Hello Reading Friends!
I have a confession to make – it’s not only books I love, but magazines too. So it was a fantastic surprise when this month’s copy of Writers’ Forum plopped on my doormat. Why? Not just because it was the first writing magazine I subscribed to, full of practical advice and inspirational articles, it was because several months ago I received a sad email explaining that due to the drop in supermarket sales Writers’ Forum must pause production.
And this wasn’t the only magazine I enjoyed that has been adversely affected by the ongoing pandemic. No1 magazine, Scotland’s glossy – think Hello set in Scotland, shining a spotlight on successful Scottish women, as well as promoting boutique hotels and luxury spa retreats (I love to dream) – announced it must close.
Unless you are a subscriber, then magazine purchases tend to be an impulse buy… a little treat for finishing the weekly shop. Or when heading to work, we might grab one to read over lunch.
WHAT HAS CHANGED?
However, over the past months our habits have changed. Wearing a mask and keeping socially distant means we are less likely to dally in the supermarket. Instead, we de-bug our trolley… get what we need… and leave.
Also, many are still working from home. Here in Scotland, at the time of writing, this is still the norm – meaning we cobble together something from the fridge, rather than heading out to buy lunch.
SO WHY ARE MAGAZINE SALES SO IMPORTANT FOR WRITERS?
Well apart from the obvious, providing employment for journalists and columnists, many novelists enjoy their first taste of publication success by submitting short stories to the magazine market – for Prima, People’s Friend, Woman, the Yours Fiction special etc. Some writers simply prefer to create short fiction and continue to make their income from this source.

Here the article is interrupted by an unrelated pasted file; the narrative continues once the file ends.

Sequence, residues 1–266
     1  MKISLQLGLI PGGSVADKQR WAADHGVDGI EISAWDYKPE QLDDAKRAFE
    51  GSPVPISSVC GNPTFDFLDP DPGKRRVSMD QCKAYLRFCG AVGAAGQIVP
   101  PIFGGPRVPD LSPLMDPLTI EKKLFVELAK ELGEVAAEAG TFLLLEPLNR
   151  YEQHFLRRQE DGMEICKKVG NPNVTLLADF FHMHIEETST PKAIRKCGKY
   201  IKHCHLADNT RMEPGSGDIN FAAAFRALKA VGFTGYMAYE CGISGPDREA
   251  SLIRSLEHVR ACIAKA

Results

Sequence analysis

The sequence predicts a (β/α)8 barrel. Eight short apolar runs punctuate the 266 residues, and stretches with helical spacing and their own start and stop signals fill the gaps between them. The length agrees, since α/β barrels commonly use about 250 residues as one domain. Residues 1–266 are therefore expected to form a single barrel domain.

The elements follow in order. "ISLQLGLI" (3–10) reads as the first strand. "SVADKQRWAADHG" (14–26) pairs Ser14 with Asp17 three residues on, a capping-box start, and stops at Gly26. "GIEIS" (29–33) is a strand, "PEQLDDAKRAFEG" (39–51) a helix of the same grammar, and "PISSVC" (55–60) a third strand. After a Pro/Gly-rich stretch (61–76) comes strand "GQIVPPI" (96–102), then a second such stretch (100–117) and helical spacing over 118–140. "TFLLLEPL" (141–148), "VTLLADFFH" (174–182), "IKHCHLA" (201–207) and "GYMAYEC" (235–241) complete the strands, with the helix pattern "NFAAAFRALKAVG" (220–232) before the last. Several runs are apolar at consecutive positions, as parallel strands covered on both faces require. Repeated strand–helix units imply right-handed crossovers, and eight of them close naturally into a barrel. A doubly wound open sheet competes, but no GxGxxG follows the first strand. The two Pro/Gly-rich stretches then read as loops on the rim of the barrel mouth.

But it’s not just the direct impact of loss of income that affects writers when a magazine folds. Many women’s magazines contain weekly, monthly and seasonal book reviews. Some, like Goodhousekeeping, Woman and Home, and Yours Fiction run online book groups via Facebook, where readers meet and discuss their favourite reads. Whilst Platinum has introduced a book club with author Adele Parks at the helm.
As broadsheets reduce column space for book reviews, magazines are a vital way in a busy marketplace to help create a buzz around books. No1 Magazine recently introduced a book review section; what a shame that its final issue will be published on 17th September and another space for authors and publishers will disappear.
And it’s not just women’s magazines that support authors. Here is Scotland The Scots Magazine and Scottish Field do great work spotlighting writers too. And let’s not forget the inspiration a writer discovers when reading the personal stories, travel pieces, health columns etcetera. The benefits of magazines to authors and the bookish community go on and on.
So, let’s give a shout out to our favourite magazines in the comments below, showing them some love💗 and doing our little bit to help them survive.
Until next time, happy reading!